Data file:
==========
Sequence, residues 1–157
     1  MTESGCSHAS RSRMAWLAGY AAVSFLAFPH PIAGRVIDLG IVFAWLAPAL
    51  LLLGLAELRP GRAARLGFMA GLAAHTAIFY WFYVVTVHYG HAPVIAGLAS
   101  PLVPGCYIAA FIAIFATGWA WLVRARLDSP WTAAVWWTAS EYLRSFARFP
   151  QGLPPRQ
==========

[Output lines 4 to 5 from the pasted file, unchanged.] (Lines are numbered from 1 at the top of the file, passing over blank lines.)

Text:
   101  PLVPGCYIAA FIAIFATGWA WLVRARLDSP WTAAVWWTAS EYLRSFARFP
   151  QGLPPRQ